Upcoming brands such as Newd Studios, Blouson Noir, AnoukxVera, Aesthetic Stories, Majem, Wildthings, DOYOU Studio, The Dutch Hatter and Afra Amba were featured in the curated store by HTNK in District B.
Blurred Lines in District C
Grietje Schepers (concept & design) and Floor Knaapen (curator) developed a curated collection of limited edition items which were available for sale via tablets once more. During Modefabriek 41st edition the duo went for nude-coloured items, but season saw the designers select items in wit, steel, silver or marble.
Modefabriek predicts its welcomed over 19.000 visitors on average this season. The next edition of Modefabriek is set to take place on July 9 to 10, 2017.
360 degree photos and videos: Inge Beekmans for FashionUnited
Photos en videos: FashionUnited
- Vivian Hendriksz |
London - CHIC Shanghai, China’s largest international and national fashion trade fair, is set to kick off it next edition in March without the presence of Pure Shanghai.
Running from March 15 to 17 at the convention centre the NECC in Shanghai, CHIC will not be hosting the Asian branch of the British fashion trade show Pure London for the first time in two years, as the trade fair organisers behind Pure have ended their partnership with CHIC. The announcement comes less than 6 months after the previous CHIC edition in October, 2016, which saw Pure Shanghai sell out of exhibitor space.
Pure Shanghai ends partnership with CHIC
A spokesperson for CHIC confirms Pure Shanghai departure from the Chinese trade fair, stating Pure organisers aim to focus on the event “core business and therefore decided to give up their activities at CHIC.” FashionUnited has contacted Pure London for additional commentary concerning the end of the partnership with CHIC.
However, a number of UK brands will still be exhibiting at CHIC individually next season, thanks to support from the UKTI. British brands attending CHIC include Vendula London, Sweedom, Cabin Zero, Smart and Joy, as well as accessories brands Jianhui London and Melissa McArthur. Another area absent this season is the Dutch pavilion, due to a lack of local government support for fashion brands. However, a handful of Dutch brands are set to exhibit on their own at CHIC.
In addition, a total of 18 countries are set to return to CHIC this season. Returning international pavilions include Italy, with the pavilion La Moda Italian, France with Paris Forever, Gemrany with Made in Germany, and Turkey with Heritage. Other countries including Peru, Japan, Hong Kong and South Korea are to set return to CHIC once more with their own pavilions. In addition to the number of international pavilions, individual exhibitors are set to come in from Spain, the UK, Switzerland, Canada and Thailand.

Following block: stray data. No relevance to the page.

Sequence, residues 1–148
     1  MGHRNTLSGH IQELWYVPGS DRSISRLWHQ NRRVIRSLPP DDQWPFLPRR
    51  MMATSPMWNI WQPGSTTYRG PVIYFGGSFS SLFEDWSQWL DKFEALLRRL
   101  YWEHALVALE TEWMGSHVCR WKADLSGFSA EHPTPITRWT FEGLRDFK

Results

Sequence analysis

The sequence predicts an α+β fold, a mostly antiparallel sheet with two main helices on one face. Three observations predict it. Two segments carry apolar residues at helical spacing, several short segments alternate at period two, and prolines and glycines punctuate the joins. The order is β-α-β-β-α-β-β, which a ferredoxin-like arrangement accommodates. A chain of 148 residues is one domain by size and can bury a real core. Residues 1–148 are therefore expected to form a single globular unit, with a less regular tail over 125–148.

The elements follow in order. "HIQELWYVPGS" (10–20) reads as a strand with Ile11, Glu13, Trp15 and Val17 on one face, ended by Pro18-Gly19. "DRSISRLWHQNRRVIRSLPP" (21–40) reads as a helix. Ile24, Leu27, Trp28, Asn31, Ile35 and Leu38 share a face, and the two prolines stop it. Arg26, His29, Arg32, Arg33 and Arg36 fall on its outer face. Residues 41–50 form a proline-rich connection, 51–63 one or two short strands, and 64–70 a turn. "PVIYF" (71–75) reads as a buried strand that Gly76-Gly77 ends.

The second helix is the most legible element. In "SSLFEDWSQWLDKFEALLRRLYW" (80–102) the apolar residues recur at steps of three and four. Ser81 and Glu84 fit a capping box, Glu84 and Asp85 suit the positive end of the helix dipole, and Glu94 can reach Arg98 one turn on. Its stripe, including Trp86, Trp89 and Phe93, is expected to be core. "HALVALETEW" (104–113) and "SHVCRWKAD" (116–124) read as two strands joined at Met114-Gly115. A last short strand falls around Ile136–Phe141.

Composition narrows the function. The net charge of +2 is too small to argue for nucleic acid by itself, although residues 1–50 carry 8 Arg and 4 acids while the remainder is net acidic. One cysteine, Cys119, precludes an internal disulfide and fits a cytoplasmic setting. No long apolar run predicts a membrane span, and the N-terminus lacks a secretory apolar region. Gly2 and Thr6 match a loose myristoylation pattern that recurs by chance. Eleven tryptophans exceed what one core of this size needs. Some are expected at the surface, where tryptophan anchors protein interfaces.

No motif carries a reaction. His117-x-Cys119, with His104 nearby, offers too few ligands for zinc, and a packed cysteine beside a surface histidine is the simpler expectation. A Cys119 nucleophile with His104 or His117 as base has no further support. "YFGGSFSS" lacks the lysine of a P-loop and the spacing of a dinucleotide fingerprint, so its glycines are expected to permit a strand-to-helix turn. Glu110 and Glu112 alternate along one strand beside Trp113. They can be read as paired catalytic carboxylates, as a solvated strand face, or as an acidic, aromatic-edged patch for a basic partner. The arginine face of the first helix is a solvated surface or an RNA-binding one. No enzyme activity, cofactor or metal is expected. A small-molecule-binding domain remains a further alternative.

CHIC will also unveil a new area this season dedicated to Chinese footwear and handbag brands following an increase in demand for these product categories known as Shanghai bag Expo. “Aggressive store expansions will be replaced by store productivity. The focus will be set on more competence and individuality in the styles,” commented Chen Dapeng, Head of CHIC and Vice President of China National Garment Association in a statement. “The retail trade is looking for more stimuli and new directions in style setting.”
Over 100,000 trade visitors from across China and overseas are expected to attend CHIC this season, as the trade fair acts as a bridge for international brands into the Chinese consumer market. Covering more than 100,000 square meters, CHIC also acts as an information platform for brands and retailers alike concerning the latest retail developments in the Chinese market.
Photos: Courtesy of CHIC
- FashionUnited |
Fetish meets fashion. The Schwarzer Reiter label, which originates from the luxury fetish segment, amalgamates these two worlds and now presents its first B2B fashion collection for men and women, BLCKLBL, at PREMIUM Berlin.
The Berlin brand has stepped up to give the fetish lifestyle a new, streetworthy look. Moreover, with the appointment of Edin Desosa as Head Designer, the label has brought in someone from the fashion industry who, with his team, can skilfully translate this lifestyle and inject a trendy, unique, professional look into the collections. In our interview he reveals what we can expect from Schwarzer Reiter’s BLCKLBL.
Why is Schwarzer Reiter a good choice for fashion retailers?
We control the entire supply chain, from designing and developing the look through to production and sales. Quality is the most important criterion for all our textiles. All the goods stocked in our wholesale business for resellers are characterised by perfect pattern construction, a high degree of comfort and contemporary style. The collection from Schwarzer Reiter is extremely sellable and perfectly suited to complementing the other product ranges within stylish boutiques, shop-in-shop solutions, fetish shops and lifestyle boutiques.
How did you come to know Sabine Schwarz, the founder of Schwarzer Reiter?
I studied Fashion Design and, in my final collection, worked with a large number of patent leather and transparent fabrics, without really thinking too deeply about the theme of ‘fetish’. It was my understanding of aesthetics. At the time of completing my final presentation I was, of course, unaware that this would unconsciously have a logical continuation later on. My collections have always been somewhat darker and more provocative than others, which brought them to Frau Schwarz’s attention. She perceived my collections to be a form of interpretation of a feeling.